Figure 12 illustrates the distribution of α at a height close to 100 m, estimated using Equation (4), for all the NORSEWInD nodes where data is available in the database. The graph is based on 10-min observations from Beatrice (9034), Jacky (5347), Horns Rev 2 (94,848), Schooner (28,572), Siri (20,243), Taqa (47,317) and Utsira (59,908), the number of observations is given in brackets. There has not been any filtering related to the data in the sense that we have not used for example a minimum or maximum threshold of wind speed to be analyzed. The only filtering criteria used are related to the quality of the signals of the lidar; for the WindCubes the CNR and availability parameters and for the ZephIR we use the points of fit-figure, the degree of activity of the cloud correction algorithm and the precipitation signal, see . If we start to look at particular conditions, the amount of data highly reduces. We need to maximize the amount of data for the analysis of the wind shear. As we have many pulsed lidars where the amount of data decreases with height, then we need to make a compromise between how much data we want to have and how high we want to observe. Since we want to see the shear at 100 m then we selected the two heights closest to it. Fitting a curve would bias the alpha estimation to the form of the fitted curve (the ideal will be to have two measurements very close to each other since alpha is in fact a very local parameter).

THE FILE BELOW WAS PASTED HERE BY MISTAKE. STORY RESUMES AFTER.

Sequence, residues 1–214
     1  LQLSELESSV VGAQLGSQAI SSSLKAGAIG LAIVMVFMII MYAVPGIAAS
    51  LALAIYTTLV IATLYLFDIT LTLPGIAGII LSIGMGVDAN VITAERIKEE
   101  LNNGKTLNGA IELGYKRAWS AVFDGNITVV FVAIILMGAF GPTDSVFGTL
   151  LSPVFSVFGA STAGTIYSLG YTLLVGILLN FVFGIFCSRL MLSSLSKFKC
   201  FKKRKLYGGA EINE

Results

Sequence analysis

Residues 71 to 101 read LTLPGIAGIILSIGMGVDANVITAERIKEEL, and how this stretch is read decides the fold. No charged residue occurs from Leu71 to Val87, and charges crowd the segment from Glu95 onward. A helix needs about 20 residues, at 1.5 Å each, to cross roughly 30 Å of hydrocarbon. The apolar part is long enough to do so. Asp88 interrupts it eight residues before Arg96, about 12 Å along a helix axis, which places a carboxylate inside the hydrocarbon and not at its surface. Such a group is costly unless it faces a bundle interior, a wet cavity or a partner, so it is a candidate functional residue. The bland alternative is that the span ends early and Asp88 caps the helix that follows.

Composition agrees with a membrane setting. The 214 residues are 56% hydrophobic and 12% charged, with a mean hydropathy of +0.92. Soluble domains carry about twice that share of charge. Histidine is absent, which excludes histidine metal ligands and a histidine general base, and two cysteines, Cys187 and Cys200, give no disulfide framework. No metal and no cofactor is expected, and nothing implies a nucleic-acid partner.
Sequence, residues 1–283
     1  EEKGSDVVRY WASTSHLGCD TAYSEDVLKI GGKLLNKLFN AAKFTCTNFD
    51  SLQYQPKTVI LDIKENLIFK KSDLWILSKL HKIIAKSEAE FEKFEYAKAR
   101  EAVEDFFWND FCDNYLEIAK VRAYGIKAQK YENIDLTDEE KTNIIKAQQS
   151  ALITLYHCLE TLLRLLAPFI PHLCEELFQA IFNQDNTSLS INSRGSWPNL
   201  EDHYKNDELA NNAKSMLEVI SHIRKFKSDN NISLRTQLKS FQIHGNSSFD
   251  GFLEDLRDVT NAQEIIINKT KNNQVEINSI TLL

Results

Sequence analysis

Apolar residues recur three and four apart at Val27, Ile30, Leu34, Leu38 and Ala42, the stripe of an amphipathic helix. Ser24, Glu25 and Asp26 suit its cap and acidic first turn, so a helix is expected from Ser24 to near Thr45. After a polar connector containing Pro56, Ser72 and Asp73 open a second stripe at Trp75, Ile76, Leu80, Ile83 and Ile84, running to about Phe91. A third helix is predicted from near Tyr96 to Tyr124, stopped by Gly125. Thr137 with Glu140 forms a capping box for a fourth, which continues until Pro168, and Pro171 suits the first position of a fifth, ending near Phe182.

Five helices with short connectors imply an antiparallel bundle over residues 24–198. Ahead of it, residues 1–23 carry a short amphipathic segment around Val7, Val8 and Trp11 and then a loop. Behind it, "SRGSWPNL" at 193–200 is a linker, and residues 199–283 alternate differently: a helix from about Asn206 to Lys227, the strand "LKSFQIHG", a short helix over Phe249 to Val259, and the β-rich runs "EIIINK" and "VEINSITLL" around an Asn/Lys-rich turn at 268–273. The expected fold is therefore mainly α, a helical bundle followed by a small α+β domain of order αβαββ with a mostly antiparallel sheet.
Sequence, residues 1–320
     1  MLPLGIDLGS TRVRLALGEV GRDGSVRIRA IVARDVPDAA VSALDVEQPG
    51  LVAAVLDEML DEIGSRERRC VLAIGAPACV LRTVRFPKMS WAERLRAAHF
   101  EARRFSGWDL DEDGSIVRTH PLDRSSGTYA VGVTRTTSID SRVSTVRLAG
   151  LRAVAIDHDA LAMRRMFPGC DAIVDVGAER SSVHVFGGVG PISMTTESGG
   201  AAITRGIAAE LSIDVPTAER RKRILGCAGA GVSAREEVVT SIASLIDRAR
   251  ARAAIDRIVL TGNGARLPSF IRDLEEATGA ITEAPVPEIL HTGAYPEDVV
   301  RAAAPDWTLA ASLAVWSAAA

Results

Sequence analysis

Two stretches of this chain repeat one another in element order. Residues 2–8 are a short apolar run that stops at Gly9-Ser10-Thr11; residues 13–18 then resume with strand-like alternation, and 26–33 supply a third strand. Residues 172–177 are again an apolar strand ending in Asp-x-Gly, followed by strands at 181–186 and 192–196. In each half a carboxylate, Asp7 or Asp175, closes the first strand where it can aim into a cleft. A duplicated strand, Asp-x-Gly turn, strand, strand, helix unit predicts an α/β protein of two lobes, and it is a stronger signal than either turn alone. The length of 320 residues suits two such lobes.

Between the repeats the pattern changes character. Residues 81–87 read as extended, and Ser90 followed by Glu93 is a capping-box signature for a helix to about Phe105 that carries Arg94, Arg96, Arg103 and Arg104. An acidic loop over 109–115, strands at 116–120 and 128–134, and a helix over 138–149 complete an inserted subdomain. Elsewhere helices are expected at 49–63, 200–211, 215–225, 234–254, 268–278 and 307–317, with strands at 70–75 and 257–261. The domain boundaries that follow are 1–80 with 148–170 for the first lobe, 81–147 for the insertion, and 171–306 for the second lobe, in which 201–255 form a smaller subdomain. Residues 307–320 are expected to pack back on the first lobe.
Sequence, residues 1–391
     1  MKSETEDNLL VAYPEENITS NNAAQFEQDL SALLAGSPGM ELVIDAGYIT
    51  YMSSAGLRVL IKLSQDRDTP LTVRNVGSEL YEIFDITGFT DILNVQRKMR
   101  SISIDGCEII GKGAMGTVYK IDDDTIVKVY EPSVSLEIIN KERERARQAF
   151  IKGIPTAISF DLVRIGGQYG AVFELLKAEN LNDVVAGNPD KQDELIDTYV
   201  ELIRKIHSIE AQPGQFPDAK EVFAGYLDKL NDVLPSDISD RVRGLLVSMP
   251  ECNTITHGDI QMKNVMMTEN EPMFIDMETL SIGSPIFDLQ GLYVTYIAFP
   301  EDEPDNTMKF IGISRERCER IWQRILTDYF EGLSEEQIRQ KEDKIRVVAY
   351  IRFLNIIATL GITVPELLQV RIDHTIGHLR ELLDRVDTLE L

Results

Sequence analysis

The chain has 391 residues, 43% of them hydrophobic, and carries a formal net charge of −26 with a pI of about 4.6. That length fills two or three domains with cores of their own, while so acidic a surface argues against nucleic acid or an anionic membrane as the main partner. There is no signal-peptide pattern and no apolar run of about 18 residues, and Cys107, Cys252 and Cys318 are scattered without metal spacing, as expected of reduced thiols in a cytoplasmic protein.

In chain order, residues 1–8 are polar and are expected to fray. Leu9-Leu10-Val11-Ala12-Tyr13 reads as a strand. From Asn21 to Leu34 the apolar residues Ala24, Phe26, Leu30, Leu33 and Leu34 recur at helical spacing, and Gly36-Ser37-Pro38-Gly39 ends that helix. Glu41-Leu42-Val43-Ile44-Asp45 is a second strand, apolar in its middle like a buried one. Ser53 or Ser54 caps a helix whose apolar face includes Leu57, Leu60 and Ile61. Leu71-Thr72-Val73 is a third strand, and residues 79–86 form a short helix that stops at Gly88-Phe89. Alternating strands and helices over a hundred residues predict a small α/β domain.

It is noticed that:
For all the nodes, there is a broad range of α-values, mostly in the positive side of the distribution, which contrasts with the common value of 0.2 used for load calculations offshore. See  for further discussion of the α-value.
A higher amount of positive α-values is found since wind speeds are generally higher above than below 100 m, as expected, but at all nodes it is also observed a good amount of negative α-values. The latter are normally found either under conditions where the atmosphere is very unstable and the wind speed does not change much with height (and so due to the nature of the atmosphere dynamics higher wind speeds are observed below 100 m) or conditions where the atmosphere is very stable and so low-level jets or shallow boundary layers influence the wind profile so that it bends backwards. It can straightforward be seen that predictions of the distribution of α using Equation (3) might only fit a range of positive values (no negative values can be estimated from it, although the conditions are very unstable and the sea roughness is high).